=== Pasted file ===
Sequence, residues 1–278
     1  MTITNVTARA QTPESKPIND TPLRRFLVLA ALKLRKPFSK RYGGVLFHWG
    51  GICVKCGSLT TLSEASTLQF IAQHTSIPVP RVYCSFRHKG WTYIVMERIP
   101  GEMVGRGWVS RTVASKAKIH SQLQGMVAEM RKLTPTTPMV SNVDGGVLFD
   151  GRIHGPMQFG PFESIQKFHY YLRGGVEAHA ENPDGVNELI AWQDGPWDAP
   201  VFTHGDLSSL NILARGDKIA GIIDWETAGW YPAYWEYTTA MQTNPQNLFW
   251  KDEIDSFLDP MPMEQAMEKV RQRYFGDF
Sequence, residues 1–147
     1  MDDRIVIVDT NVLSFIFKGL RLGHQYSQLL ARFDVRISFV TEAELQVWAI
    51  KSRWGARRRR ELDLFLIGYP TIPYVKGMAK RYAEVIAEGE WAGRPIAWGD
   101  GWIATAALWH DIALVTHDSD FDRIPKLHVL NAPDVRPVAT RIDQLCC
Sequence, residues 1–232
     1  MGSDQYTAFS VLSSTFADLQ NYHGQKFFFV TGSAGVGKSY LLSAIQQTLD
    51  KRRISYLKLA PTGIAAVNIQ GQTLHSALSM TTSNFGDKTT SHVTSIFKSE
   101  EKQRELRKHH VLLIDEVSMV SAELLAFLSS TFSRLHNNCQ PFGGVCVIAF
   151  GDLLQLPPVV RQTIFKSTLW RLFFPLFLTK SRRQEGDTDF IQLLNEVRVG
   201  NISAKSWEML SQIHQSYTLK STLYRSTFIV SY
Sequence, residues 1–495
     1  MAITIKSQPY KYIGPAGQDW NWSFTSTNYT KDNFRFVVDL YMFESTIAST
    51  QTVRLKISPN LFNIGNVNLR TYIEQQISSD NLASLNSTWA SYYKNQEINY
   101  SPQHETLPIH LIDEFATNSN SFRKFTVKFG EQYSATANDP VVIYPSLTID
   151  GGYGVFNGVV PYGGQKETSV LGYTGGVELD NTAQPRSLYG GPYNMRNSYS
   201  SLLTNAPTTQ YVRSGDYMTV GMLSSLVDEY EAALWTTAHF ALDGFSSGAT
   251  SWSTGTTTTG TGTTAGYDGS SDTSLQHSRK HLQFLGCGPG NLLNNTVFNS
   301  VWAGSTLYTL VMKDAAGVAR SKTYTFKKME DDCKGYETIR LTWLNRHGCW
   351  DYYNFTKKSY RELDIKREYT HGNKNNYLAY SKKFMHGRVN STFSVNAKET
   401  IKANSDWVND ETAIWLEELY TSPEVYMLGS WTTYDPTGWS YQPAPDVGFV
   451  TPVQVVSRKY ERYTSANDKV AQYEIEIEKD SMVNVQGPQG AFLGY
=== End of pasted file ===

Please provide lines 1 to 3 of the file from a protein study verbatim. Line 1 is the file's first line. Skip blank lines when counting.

Sequence, residues 1–278
     1  MTITNVTARA QTPESKPIND TPLRRFLVLA ALKLRKPFSK RYGGVLFHWG
    51  GICVKCGSLT TLSEASTLQF IAQHTSIPVP RVYCSFRHKG WTYIVMERIP